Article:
Petr Slobodian, Pavel Riha, Robert Olejnik, Jiri Matyas and Nuri Karakurt
Tomas Bata University in Zlin, Czech Republic
Posters & Accepted Abstracts: J Material Sci Eng
Statement of the Problem: Thermoelectric devices generate an electrical current when there is a temperature gradient between the hot and cold junctions of two dissimilar conductive materials typically n-type and p-type semiconductors. Consequently, also the polymeric semiconductors composed of polymeric matrix filled by different forms of carbon nanotubes with proper structural hierarchy can have thermoelectric properties which temperature difference transfer into electricity. In spite of lower thermoelectric efficiency of polymeric thermoelectrics in terms of the figure of merit, the properties as stretchability, flexibility, light weight, low thermal conductivity, easy processing and low manufacturing cost are advantages in many technological and ecological applications. Methodology & Theoretical Orientation: Polyethylene-octene copolymer based highly elastic composites filled by multi-walled carbon nanotubes (MWCTs) were prepared by sonication of nanotube dispersion in a copolymer solution followed by their precipitation pouring into non-solvent. The electronic properties of MWCNTs were moderated by different treatment techniques such as chemical oxidation, decoration by Ag clusters or addition of low molecular dopants. In this concept, for example, the amounts of oxygenated functional groups attached on MWCNT surface by HNO3 oxidation increase p-type charge carriers. p-type of charge carriers can be further increased by doping with molecules of triphenylphosphine. For partial altering p-type MWCNTs into less p-type ones, Ag nanoparticles were deposited on MWCNT surface and then doped by 7,7,8,8-tetracyanoquino- dimethane. Both types of MWCNTs with the highest difference in generated thermoelectric power were combined to manufacture polymeric based thermoelectric module generating thermoelectric voltage when temperature difference is applied between hot and cold ends of the module. Moreover, it was found that the generated voltage by the thermoelectric module at constant temperature gradient was significantly affected when exposed to vapors of different volatile organic compounds representing then a self-powered thermoelectric sensor for chemical vapor detection. Acknowledgement This work was supported by the Ministry of Education, Youth and Sports of the Czech Republic ├ó┬?┬? Program NPU I (LO1504) and with the support of the Operational Program Research and Development for Innovations co-funded by the European Regional Development Fund (ERDF) and the national budget of the Czech Republic, within the framework of the project CPS-strengthening research capacity (reg. number: CZ.1.05/2.1.00/19.0409). This project was also supported by the internal grant of TBU in Zlin No. IGA/CPS/2017/002 funded from the resources of the Specific University Research. P. R. would like to acknowledge financial support from the Fund of the Institute of Hydrodynamics AV0Z20600510. Recent Publications: 1. Cai L, Wang C (2015) Carbon nanotube flexible and stretchable electronics. Nanoscale Res. Lett. 10: 320-341. 2. Ismail BI, Ahmed WH (2009) Thermoelectric power generation using waste-heat energy as an alternative green technology. Recent Patents on Electrical Engineering:27-39. 3. Hewitt CA, Kaiser AB, Roth S, Craps M, Czerw R, Caroll DL (2011). Varying the concentration of single walled carbon nanotubes in thin film polymer composites, and its effect on thermoelectric power. Appl Phys Lett. 8:1-3. 4. Hewitt CA, Kaiser AB, Roth S, Craps M, Czerw R, Caroll DL (2012) Multilayered carbon annotate/polymer composite based thermoelectric fabrics. Nano Lett.12:1307-1310. 5. Yu C, Kim YS, Kim D, Grunlan JC (2008) Thermoelectric behavior of segregated-network polymer nanocomposites. Nano Lett. 8:4428-4432. 6. Chen J, Gui X, Wangetal Z. Superlow thermal conductivity 3D carbon nanotube network for thermoelectric applications (2012) ACS Appl Mat Interfaces 4: 81-86. 7. Moriarty GP, Wheeler JN, Yu C, Grunlan JC (2012) Increasing the thermoelectric power factor of polymer composites using a semiconducting stabilizer for carbon nanotubes. Carbon 50:885├ó┬?┬?895. 8. Freeman DD, Choi K, Yu C (2012) N-type thermoelectric performance of functionalized carbon nanotube-filled polymer composites. PLoSONE7:articleIDe47822. 9. Bounioux C, Diaz-Chao P, Campoy-Quiles M, Martin-Gonzales MS, Goni AR, Yerushalmi-Rozen R, Muller C (2013) Thermoelectric composites of poly(3-hexylthiophene) and carbon nanotubes with a large power factor. Energ Environ Sci 6:918-925.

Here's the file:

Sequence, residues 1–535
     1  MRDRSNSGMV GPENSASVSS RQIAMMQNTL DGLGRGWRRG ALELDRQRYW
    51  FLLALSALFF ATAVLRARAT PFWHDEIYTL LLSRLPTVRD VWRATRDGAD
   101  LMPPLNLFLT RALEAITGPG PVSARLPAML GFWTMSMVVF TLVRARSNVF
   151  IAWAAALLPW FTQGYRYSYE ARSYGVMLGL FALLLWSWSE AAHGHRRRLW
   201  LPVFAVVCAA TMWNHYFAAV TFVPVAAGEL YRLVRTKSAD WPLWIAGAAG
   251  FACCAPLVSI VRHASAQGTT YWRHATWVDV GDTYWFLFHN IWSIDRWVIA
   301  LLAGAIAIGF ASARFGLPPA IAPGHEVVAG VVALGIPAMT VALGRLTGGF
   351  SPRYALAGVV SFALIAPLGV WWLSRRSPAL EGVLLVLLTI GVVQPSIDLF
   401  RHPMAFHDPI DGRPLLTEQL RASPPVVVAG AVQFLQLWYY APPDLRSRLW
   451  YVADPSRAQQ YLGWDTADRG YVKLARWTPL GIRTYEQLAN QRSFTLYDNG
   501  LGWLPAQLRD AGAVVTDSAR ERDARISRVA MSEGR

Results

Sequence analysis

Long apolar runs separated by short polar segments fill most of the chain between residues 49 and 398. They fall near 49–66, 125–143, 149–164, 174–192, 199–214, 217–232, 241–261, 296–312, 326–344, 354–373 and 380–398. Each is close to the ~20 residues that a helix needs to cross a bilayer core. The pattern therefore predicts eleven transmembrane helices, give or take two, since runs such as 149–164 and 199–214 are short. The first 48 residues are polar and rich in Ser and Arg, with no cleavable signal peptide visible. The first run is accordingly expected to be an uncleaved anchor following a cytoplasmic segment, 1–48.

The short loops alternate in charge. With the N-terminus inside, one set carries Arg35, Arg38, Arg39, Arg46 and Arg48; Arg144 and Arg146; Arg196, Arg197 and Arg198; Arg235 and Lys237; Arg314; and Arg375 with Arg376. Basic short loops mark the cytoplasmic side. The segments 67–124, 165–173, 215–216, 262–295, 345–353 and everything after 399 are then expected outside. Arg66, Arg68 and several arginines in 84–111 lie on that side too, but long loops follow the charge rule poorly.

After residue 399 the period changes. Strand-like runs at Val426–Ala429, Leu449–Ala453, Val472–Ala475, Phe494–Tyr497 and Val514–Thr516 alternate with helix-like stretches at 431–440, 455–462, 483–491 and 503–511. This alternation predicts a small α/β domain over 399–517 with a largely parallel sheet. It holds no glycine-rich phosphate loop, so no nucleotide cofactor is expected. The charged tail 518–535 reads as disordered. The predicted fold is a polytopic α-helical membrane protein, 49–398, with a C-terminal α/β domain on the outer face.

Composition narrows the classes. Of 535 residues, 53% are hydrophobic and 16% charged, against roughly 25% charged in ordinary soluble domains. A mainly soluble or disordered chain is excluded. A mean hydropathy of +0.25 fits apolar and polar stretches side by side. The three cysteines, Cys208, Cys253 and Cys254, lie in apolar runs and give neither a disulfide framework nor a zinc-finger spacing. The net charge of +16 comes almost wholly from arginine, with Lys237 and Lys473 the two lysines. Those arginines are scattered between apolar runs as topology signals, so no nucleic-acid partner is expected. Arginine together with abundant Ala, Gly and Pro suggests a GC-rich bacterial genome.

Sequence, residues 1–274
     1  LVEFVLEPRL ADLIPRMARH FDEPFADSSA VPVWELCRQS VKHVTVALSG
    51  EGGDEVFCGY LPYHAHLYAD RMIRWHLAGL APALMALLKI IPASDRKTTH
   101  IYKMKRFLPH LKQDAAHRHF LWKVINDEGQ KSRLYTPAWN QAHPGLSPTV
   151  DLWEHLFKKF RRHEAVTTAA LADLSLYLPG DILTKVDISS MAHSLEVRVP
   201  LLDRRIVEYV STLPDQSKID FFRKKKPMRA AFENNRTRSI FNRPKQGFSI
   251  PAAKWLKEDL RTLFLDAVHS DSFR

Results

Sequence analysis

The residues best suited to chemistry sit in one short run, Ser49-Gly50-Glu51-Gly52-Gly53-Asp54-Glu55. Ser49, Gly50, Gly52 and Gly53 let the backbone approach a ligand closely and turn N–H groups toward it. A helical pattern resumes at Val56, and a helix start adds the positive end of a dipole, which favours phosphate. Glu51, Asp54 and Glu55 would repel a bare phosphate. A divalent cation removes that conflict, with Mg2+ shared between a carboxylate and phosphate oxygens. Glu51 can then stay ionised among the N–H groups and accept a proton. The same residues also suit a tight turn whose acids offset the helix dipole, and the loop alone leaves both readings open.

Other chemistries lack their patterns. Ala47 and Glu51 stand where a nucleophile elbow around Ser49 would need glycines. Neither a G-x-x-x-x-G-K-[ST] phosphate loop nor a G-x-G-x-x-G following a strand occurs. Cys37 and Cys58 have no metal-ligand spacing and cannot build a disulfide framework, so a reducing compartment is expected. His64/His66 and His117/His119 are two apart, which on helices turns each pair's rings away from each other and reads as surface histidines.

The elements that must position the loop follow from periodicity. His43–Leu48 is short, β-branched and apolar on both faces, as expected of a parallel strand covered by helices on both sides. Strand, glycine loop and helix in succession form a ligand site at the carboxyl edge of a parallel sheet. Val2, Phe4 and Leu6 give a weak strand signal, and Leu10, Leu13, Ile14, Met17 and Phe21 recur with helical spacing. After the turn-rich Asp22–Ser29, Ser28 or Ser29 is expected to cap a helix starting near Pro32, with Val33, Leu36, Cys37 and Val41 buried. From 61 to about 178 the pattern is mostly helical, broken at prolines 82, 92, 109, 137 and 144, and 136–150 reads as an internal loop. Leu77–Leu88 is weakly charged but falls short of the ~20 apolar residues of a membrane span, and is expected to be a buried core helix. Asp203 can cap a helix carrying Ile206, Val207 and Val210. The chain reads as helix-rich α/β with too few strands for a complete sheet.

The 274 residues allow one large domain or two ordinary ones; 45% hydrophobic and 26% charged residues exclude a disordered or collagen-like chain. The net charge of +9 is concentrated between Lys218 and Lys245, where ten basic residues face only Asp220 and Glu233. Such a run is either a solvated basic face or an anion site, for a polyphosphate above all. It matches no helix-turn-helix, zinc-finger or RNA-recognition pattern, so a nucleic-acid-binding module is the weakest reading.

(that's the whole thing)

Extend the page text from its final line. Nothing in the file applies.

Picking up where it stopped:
Petr Slobodian received the Ph.D. degree in polymer science from the Faculty of Technology, Tomas Bata University (TBU), Zlin, Czech Republic and the Ms. degree from the Brno University of Technology, Brno, Czech Republic. He is a Scientific Researcher at the Centre of Polymer Systems, TBU. He is the associate professor at the Faculty of Technology since 2008. He is author or co-author of 76 scientific articles all published in the impacted journals. His main interests are polymer composite materials, carbon nanotubes and their use in the organic vapor sensors, strain sensors and stretchable thermoelectric materials.